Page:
EVILLE, Spain - La Giralda, this city's grand tower, with its warm terra-cotta colors, delicate brick patterns and a height of almost 300 feet, was once called Spain's perfect minaret. Its twin stands in Marrakesh, Morocco, a reminder of the centuries-old ties between the two countries.
Seville's minaret has been the bell tower of the city's Roman Catholic cathedral for the past 500 years. Today, however, many of those who walk by it daily are again Moroccans, part of the growing number of Muslim immigrants to Spain. While they have not talked about reclaiming the minaret, they are seeking permission to build a large mosque here, as have Islamic immigrants have in six other Spanish cities.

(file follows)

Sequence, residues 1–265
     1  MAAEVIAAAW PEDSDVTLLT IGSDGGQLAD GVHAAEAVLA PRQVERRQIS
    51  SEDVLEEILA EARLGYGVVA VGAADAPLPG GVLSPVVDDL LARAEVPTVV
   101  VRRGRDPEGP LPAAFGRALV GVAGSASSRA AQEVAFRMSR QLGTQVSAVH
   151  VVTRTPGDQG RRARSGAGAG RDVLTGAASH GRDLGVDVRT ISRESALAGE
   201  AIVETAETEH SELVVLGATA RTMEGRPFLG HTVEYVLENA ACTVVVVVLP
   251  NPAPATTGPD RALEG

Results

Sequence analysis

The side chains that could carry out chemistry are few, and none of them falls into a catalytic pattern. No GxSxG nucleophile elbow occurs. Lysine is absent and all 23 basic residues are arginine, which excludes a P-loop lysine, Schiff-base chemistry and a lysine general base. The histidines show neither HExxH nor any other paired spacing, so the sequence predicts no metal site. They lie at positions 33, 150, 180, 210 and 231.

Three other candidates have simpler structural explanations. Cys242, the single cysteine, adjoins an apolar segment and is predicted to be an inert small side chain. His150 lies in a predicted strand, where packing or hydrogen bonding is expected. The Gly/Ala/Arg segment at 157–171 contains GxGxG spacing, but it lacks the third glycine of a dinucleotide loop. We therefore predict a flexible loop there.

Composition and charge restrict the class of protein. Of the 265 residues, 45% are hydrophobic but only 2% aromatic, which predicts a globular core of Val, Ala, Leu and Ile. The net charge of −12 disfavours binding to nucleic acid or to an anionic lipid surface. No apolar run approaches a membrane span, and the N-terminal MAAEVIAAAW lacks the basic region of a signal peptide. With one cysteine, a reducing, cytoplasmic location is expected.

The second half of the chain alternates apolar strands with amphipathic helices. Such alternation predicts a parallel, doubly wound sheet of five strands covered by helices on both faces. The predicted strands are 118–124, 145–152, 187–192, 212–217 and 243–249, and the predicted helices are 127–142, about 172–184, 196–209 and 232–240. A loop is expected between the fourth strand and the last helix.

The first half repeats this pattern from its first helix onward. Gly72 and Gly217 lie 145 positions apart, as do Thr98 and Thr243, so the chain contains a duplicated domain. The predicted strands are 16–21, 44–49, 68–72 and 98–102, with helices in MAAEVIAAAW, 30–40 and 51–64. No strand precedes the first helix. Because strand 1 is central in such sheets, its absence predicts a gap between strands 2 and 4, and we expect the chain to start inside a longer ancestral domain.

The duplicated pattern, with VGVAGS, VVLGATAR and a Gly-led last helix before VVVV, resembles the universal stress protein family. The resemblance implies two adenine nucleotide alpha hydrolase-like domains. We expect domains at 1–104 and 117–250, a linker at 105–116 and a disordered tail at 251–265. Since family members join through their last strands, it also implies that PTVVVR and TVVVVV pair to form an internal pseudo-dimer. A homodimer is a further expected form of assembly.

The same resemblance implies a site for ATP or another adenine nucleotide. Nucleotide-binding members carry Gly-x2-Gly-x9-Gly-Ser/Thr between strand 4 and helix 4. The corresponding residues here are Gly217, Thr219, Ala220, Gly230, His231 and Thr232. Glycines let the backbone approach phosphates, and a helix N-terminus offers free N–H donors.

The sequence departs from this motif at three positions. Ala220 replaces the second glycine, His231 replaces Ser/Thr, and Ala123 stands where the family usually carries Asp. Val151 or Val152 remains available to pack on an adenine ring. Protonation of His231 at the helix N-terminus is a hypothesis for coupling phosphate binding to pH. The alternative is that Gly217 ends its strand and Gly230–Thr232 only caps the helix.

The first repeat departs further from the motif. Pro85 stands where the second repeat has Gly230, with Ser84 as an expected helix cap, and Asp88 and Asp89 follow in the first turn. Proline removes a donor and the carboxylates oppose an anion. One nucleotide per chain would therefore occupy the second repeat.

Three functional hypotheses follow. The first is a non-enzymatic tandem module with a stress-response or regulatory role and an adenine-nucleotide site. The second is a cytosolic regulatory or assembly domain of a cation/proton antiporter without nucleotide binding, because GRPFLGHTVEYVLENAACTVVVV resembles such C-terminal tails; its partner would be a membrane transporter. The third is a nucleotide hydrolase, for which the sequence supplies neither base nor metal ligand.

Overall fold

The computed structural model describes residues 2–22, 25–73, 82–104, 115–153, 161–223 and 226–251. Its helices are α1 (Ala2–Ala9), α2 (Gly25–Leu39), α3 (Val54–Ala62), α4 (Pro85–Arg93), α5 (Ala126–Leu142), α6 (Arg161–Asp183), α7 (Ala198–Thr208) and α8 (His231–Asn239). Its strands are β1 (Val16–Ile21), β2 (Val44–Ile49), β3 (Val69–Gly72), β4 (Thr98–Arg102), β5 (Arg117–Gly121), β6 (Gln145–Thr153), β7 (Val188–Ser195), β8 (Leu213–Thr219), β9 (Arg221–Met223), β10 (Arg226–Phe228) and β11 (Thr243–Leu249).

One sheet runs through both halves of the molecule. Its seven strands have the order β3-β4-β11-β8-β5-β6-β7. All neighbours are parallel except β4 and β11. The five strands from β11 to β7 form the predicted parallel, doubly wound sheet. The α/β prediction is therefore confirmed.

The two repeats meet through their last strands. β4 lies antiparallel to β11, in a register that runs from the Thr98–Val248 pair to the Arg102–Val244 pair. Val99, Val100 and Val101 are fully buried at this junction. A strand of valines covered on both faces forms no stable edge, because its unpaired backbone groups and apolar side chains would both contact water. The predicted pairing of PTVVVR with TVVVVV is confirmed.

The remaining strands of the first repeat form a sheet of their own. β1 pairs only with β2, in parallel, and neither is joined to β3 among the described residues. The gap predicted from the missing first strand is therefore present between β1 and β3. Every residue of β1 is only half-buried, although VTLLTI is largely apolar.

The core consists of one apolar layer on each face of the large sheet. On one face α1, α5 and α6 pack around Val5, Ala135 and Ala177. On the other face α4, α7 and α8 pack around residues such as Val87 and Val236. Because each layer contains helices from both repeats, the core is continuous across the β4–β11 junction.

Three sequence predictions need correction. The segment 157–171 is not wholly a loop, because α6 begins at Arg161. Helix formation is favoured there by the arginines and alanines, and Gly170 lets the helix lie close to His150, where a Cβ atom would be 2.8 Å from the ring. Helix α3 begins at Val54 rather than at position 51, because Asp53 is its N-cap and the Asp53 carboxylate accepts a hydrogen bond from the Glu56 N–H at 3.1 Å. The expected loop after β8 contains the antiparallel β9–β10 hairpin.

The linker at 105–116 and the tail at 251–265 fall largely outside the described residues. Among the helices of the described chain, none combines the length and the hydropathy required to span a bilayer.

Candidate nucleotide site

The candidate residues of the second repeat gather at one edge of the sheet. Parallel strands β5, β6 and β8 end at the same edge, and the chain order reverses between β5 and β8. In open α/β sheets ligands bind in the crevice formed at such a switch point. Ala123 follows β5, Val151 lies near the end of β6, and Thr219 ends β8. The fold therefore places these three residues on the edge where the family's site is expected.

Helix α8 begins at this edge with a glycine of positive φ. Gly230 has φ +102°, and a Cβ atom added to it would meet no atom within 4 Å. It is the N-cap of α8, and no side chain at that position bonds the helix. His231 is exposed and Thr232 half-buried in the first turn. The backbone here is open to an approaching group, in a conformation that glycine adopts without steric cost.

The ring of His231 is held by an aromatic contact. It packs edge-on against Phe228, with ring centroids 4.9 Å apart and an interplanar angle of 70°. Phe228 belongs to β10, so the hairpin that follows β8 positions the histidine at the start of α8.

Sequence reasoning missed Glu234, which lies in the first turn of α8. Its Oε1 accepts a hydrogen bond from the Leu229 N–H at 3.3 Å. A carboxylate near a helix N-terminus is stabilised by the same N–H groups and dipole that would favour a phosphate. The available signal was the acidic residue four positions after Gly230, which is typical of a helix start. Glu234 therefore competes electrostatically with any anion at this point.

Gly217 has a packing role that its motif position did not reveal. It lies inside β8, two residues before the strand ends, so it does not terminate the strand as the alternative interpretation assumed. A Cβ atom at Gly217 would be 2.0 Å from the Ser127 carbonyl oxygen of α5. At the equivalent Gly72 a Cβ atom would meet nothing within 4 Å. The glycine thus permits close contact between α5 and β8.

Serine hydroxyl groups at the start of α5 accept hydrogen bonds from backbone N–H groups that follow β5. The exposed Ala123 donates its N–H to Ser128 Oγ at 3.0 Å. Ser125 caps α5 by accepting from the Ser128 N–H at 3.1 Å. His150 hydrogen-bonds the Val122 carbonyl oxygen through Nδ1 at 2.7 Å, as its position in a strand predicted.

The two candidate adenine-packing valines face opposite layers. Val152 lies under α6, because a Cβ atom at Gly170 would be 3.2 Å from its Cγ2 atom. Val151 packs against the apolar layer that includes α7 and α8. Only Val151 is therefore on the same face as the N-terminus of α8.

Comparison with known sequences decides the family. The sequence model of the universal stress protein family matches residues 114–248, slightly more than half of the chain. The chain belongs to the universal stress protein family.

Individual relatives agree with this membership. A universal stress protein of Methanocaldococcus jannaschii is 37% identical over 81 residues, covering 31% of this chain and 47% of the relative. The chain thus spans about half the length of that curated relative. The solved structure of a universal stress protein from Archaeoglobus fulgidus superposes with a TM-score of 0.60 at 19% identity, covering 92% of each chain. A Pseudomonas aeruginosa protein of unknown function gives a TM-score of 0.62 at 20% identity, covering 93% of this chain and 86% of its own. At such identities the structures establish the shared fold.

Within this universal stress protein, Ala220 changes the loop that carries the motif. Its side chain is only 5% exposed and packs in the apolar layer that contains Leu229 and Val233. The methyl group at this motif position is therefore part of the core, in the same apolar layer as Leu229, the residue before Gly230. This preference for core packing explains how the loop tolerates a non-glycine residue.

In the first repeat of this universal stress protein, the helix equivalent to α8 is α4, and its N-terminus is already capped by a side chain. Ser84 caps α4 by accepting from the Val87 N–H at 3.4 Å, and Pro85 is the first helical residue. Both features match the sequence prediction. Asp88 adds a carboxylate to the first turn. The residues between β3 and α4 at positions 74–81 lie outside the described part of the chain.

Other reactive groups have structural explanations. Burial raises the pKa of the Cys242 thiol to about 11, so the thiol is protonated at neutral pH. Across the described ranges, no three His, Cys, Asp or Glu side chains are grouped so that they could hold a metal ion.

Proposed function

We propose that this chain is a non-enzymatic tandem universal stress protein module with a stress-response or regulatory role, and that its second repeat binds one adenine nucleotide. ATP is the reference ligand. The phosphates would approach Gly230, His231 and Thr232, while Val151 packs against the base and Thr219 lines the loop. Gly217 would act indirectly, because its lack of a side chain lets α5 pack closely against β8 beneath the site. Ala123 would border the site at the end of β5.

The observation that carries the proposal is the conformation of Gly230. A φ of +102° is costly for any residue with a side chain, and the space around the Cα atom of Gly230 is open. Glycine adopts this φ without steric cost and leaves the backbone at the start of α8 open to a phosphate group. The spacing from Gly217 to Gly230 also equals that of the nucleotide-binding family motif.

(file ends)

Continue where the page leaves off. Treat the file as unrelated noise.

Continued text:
At the moment, Seville's Muslims, many of them clandestine workers, meet in small buildings or discrete prayer rooms. But every demand for a proper house of worship awakens nervousness here.
Many Spaniards still view North African Arabs and Berbers - Spain's onetime rulers - with suspicion and disdain. Those feelings deepened after Moroccans emerged as the main suspects in the terrorist bombings of Madrid trains in March that killed 192 people.
In early October, the government created a foundation to help "minority religions" integrate into Spanish society. Seemingly modest, it is still a remarkable step for this nation once forged by religious wars against the Muslim rulers. Spain's Inquisition persecuted Muslims, Jews and Protestants alike to impose Catholic dominance.
SI Moderator - Greg Gordon